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I’m sorry.

Jamieson Van Loan

When you hurt someone without malice, through actions unintended, it is quite possibly the worst feeling, especially for an empath. This past week I did just that. As I preach being and sharing love and compassion and empathy, I sorta feel like a fraud. Here I am constantly trying to be the kindest and best version of myself and through my own actions, I hurt someone I care deeply about.

Typically when you hurt someone accidentally, your tribe says but it’s not your fault or you didn’t mean it, that’s on them, etc, etc. But at the day’s end, this person is upset and hurt and rightfully so. That pain needs to be acknowledged. We are all allowed to emotionally react to situations in our own way. Regardless if you would react in that manner or think their reaction is valid or not, it is not up to you. If someone feels justified in their emotions, your job is to acknowledge them and lay the foundation for an open nonjudgmental discussion.

We should always feel all the feelings. Own them. Express them. Swim through them. I think a lot of the time when we do or say things that hurts another person, our auto-response is defensive. I know in my past, I’ve gotten angry at other people’s hurt feelings. Having responses like “grow up” or “don’t put that on me” or “that’s your issue” or anything that dismisses someone’s emotions is not only the immature response, but it creates more unnecessary drama. It has taken me a lot of self awareness to see the other person’s pain, acknowledge where it is coming from, own my part in it and apologize and hopefully gain forgiveness and move forward.

The caveat to all this is that your emotional reaction should not be used as a way to trigger a negative response. When we are hurt, we instinctively want to make our assailant the target of pain. We want to use words to bring them to our level of suffering. We try to trigger them and gaslight them, reacting from the most primitive part of our brain. You hurt me, therefore I hurt you.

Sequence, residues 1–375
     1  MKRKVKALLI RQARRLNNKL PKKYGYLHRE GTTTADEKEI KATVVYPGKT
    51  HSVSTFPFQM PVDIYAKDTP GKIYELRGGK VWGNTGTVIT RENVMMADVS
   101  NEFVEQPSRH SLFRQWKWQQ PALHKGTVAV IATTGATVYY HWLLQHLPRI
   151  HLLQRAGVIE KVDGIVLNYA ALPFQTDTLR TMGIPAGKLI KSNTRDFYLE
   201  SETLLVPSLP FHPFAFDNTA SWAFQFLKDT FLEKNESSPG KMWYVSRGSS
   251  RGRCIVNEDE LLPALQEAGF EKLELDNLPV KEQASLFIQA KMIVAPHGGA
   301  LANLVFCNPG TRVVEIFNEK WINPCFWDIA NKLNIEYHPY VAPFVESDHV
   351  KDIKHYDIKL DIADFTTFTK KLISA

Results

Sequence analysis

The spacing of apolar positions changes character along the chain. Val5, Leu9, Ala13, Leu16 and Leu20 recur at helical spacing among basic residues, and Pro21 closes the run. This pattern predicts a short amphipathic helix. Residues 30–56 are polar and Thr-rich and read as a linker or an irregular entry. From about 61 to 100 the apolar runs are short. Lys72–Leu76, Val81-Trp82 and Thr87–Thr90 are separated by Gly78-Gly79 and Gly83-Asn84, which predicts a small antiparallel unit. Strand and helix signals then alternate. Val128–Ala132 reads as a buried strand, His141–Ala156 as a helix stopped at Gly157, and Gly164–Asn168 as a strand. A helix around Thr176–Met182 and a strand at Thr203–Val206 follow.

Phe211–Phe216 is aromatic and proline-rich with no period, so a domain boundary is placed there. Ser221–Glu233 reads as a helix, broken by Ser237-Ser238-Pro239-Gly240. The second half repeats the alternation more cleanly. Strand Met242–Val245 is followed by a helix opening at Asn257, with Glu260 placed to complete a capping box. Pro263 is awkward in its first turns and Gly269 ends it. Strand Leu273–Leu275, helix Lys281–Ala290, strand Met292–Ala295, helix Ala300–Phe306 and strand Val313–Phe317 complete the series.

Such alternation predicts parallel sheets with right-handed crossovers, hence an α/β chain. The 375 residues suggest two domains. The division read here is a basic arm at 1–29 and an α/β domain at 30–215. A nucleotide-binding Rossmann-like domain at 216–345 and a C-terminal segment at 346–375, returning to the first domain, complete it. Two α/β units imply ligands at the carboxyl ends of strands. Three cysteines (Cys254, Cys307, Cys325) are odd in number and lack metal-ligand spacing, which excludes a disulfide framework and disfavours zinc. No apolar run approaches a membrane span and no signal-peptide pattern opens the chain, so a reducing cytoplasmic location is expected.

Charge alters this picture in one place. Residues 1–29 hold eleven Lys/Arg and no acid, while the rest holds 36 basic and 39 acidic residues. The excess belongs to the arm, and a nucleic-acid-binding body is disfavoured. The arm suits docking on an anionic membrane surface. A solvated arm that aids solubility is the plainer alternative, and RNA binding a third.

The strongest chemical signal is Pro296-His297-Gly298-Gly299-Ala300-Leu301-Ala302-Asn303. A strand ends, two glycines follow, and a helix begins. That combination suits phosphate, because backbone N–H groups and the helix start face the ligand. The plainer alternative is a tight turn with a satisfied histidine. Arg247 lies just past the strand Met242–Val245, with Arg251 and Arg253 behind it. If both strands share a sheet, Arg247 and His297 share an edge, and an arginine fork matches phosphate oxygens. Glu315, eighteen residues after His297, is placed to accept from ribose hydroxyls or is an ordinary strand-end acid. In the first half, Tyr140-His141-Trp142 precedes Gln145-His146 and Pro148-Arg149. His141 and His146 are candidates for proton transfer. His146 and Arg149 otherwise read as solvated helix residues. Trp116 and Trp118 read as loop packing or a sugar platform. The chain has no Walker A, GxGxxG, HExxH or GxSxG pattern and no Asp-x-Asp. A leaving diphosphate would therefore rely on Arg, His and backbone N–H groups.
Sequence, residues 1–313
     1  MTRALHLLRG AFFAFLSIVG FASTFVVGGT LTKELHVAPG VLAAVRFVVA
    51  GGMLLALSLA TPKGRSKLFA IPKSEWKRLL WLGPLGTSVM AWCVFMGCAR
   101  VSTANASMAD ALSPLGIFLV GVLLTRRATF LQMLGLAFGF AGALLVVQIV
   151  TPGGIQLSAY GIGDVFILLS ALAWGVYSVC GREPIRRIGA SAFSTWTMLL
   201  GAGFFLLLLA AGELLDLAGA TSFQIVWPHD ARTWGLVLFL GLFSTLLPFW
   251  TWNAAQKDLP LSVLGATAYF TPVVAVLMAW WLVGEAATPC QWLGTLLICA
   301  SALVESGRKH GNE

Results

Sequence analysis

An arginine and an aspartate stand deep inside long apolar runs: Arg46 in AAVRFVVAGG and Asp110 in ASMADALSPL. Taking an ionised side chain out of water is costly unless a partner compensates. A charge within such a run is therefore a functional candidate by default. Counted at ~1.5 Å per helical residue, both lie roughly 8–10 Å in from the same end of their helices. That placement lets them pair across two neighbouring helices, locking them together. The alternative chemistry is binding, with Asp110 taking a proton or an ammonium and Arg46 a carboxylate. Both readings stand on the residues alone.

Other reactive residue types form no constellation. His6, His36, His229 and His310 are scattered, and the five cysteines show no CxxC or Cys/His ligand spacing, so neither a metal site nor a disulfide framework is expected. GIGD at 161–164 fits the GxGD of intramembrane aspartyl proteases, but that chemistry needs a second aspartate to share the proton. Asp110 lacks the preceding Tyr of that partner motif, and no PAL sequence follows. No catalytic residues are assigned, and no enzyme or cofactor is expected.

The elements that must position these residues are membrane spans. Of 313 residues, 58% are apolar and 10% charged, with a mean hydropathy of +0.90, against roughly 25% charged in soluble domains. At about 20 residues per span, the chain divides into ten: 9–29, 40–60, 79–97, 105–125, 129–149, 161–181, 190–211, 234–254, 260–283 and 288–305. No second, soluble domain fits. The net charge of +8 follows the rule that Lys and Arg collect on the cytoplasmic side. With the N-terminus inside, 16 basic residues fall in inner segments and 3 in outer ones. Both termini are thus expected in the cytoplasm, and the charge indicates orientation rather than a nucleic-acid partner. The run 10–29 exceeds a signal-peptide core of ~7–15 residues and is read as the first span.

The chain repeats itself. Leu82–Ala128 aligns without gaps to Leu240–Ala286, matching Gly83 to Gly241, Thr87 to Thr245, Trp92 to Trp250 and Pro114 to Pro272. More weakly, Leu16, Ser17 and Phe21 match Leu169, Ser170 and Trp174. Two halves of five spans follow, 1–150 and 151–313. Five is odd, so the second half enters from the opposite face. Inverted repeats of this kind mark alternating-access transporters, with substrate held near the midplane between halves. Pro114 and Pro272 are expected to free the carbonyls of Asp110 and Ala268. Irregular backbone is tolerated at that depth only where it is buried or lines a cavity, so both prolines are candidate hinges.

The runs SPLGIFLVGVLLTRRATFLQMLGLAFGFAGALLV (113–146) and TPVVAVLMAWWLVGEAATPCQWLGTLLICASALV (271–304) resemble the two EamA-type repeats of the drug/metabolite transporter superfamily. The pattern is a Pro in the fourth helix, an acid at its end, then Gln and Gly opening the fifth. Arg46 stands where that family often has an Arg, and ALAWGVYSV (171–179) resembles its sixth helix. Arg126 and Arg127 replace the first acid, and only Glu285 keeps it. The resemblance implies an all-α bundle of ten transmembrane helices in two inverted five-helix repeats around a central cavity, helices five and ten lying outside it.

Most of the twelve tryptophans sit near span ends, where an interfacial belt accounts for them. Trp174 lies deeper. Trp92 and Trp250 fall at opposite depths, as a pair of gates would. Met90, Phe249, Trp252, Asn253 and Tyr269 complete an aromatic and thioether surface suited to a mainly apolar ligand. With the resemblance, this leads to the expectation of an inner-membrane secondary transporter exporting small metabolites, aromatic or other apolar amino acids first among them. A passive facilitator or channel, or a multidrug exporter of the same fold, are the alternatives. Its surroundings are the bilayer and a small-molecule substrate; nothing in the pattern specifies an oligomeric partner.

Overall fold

This is where emotional maturity should kick in. Either a space needs to be created for the anguish to subside before a discussion can be held or the victim needs to realize where the hurt is originating and be able to relay that in an evolved manner. When you boil down hurt, it almost always comes from a place of fear. It can be fear of reliving your past, fear of connection, fear of loss, fear of rejection, fear of heartbreak and so forth, but typically hurt overlays fear.

When you can step back from a situation and peel away the emotional layers to see what is subconsciously happening, you tend to have a more peaceful and respectful approach to the situation.

This should be all our ultimate goals in relationships: to genuinely seek the place where your friend, family member or partner is coming from, make the time and space to understand, or at the very least, respect their position and then cultivate a mature, hopefully solution-driven, conversation surrounding that.

I understand that in the heat of the moment, this is rarely the case, but it should always be our goal. And like all emotionally mature goals, this takes vulnerability. Being able to put your guard down, dive deep into your self, listen and respect a human’s entire past and current stance- it all requires serious work. Because we don’t show up to any situation without our personal baggage. Own your baggage and respect others.

What I learned this week is that my actions do not live a vacuum and I should be more vigilant about how I behave or speak in this world. I have also learned how to set aside my own opinions in order to better understand where my loved ones are coming from. Most of all I’ve learned to accept humility more.

If my fave one, who I hurt, is reading this, please know (again) how sorry I am. Please find forgiveness and acceptance of what cannot be changed. You are loved.

To everyone else: be mindful of how you carry yourself because you never know if your actions or words are hurting another and if they are, be understanding and modest in your approach and sincere and kind in your apology.

Vulnerably yours,